Horses were by far her most loved, but he'd known her to fret over dogs and goats left to run wild over a battlefield or abandoned after the event. She had once carried an injured pup for miles. She’d shared what little food she had, and would have shared his with it, too, if he'd agreed. He smiled at the memory. It was a need to love and nurture, he decided; the need for babies that every woman felt.
"More'nough for blodwurst, with the tongue and backfat." Lenka moved her full bucket safely aside, replacing it with a smaller bowl while Dragan turned and skinned the carcass. With hands on her hips, she watched and waited as he opened the gut and let the entrails drop. "Half to Pa," she reminded him, fishing through the fallen mass for the liver first. None would go to waste; the intestines and caul for sausage; the stomach, heart, lungs, and sweetbreads for hoggva; the liver and kidneys for tonight's supper. She worked at dividing the treasure evenly into her trays.
Blood stained the white skin of her arms and a smear crossed her cheek.
It was illogical. Food was needed and a beast was slain, but the slaughter and the butchery went hard on him, much harder than they should. For those like him who worked the land, meat was easily come by, and it was rare to go to sleep on an empty stomach. There were people all over the empire who had little enough to eat at all, and any kind of meat was a luxury seldom seen.
But it was blood. There had always been so much, and now, here in the peaceful green of the farm, a dam of blood seemed to break in his mind: years of life flowing out across the green fields and freezing in the rocky passes. He'd seen too much blood. This silent rush was just the last in a scarlet wash that never had an end.
His mind's eye flashed up the face of a man, numb with horror, iced with sweat, lying propped against a stone and holding his own innards. Between the gore soaked mail and piss stained breeches, a waterfall of lifeblood washed in pulses over his hands and gut, as fresh and red as any mountain poppy. He was staring after something, something only he could see, his breath coming in sharp, heaving jabs.
Dragan recalled that face, the creases deep in the corners of his eyes where he'd laughed in the face of his calling through too many seasons. He never knew his name or where in the green earth he had come from; never knew his past or any of his hopes. He knew he was good at what he'd done; the hair at his temples was turning white, so he'd survived more seasons than Dragan had himself.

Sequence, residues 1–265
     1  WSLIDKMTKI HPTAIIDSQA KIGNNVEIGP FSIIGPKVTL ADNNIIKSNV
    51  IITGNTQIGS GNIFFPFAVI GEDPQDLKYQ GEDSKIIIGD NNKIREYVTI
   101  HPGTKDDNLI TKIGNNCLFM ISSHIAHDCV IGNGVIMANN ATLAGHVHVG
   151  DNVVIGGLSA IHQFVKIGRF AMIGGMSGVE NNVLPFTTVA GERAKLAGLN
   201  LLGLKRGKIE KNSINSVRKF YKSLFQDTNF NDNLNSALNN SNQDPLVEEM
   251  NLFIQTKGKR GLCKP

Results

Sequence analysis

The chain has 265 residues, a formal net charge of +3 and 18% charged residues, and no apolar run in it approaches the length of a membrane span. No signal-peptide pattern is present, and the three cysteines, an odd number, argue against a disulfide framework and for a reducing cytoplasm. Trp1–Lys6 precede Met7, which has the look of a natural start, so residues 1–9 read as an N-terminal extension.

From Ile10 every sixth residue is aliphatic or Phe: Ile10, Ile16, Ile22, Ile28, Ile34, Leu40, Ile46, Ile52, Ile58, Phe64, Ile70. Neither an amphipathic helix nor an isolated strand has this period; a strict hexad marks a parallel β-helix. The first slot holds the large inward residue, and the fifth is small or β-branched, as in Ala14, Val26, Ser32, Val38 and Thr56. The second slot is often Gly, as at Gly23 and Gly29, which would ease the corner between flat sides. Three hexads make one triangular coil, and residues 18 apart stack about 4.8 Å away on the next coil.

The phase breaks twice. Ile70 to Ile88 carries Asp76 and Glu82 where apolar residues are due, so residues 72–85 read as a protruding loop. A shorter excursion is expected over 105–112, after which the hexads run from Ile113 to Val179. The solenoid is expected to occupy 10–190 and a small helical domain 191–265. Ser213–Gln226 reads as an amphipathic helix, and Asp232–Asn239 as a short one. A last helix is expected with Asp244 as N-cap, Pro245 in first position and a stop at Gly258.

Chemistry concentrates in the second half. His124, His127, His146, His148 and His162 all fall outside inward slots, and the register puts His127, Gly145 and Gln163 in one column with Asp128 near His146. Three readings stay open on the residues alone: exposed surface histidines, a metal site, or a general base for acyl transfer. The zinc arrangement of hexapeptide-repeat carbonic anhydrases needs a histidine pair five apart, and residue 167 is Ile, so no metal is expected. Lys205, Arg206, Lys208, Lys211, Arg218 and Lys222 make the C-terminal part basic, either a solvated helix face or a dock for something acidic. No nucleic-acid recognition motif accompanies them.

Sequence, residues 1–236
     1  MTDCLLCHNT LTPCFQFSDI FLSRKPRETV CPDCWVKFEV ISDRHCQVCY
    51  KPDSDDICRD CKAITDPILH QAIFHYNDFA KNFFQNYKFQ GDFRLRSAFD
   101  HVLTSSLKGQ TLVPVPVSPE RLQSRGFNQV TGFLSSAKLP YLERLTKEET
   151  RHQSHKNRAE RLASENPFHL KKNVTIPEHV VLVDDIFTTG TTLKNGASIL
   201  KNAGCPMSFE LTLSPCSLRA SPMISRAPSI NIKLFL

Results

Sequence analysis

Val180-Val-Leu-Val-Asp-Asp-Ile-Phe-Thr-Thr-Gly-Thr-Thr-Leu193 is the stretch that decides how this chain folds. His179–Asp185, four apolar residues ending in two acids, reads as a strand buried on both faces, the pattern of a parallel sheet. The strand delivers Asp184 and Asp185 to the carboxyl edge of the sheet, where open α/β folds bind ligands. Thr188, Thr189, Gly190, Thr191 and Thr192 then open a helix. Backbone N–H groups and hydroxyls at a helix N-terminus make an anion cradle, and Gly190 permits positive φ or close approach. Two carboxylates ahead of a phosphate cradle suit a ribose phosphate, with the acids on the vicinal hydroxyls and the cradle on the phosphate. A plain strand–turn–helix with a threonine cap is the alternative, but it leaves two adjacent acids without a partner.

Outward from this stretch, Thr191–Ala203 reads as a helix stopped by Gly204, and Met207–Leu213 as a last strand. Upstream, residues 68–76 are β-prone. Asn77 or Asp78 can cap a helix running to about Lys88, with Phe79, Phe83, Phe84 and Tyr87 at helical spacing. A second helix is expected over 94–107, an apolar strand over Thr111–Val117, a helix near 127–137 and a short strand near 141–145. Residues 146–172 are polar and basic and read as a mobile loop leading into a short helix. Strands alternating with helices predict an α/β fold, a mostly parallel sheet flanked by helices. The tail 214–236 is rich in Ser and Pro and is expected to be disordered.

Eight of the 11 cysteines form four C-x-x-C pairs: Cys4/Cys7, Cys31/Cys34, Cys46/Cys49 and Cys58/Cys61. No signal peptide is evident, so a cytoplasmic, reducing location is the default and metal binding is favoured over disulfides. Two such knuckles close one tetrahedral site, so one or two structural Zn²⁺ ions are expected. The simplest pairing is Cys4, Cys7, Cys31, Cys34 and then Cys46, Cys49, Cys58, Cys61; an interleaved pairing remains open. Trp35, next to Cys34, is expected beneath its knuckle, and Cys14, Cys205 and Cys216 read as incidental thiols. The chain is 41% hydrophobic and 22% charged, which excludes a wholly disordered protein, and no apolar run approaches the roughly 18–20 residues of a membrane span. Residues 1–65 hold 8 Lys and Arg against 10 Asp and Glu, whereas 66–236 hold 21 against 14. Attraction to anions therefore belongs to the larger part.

But he remembered that man. He recalled his death as clearly as if he hung there before them from the bier rafters. It was the first time he'd begun to wonder why they killed these men who tried with all their might to kill them back.
He had to think of other things. As always, he thought of Freya.
He worked and slept and ate more than he'd eaten in years. Food enough to fill the emptiness, enough to sleep on a full belly every night. As he worked, and order began to emerge from the chaos he had inherited, the days warmed and lengthened and seemed to drag out the time until her release. He marked them down.
Every morning brought restless energy to drive him from his bed. There was always so much to do. But every day that restlessness plagued him with visions of her impatience. She was trapped in a world she hated, counting down the long days with him, but alone and a long way away. The thought left him cold. Every day he feared her impulsiveness would drive her from the safety he had wanted for her.
Lenka brushed her hair back with a gory forearm, drawing his attention. He said, "My mother is much better now. You should look to your own needs, and go home to your father's house."
She didn't look up but paused in her gut raking. "She’ll need me here a while yet."
"I think she’s relying on you being here. She’s poorly because she knows you will stay. If she has to get up and get on with life she will be better for it."
"No. I don't mind helping." She moved a lobe of liver, straightening it neatly in the tray. "Your father's death went hard on her."
"But it's not your place. I'm here now, and I can care for her."
"Shhht." She laughed, as if the idea was ludicrous, "I like to have a man to care for."
"I told you. I will be bringing a wife home, soon."
The smile dropped from her lips and she went back to her work, stripping the contents from the intestines in silence.
It was tempting to let the silence grow. He had tried once to discuss Freya with his mother, but she had refused to hear him, refused to respond. She liked the idea of Lenka for his bride. She may have carried that hope with her for years, and she would not discard it easily.
He'd carried his hope just as long. Recalling her face was as easy as closing his eyes and letting her light fill his mind. Always smiling; through snow and ice or blistering summers when they stood on mountains too close to the sun.
Dawn was always restless. Afternoons were heavy with fatigue, whether it came from walking, fighting, or boredom from the lack of both. But dawn was always restless.
The sun brought, every morning, a tightly coiled sense of urgency that burned in his stomach. There was uncertainty for what the day would bring, and with it, the need to leap up and begin. And always there was frustration at the ball that lay curled in her cloak. Over rocks or in tussocks of grass, it never seemed to matter to Freya where she slept, as long as she could go on sleeping.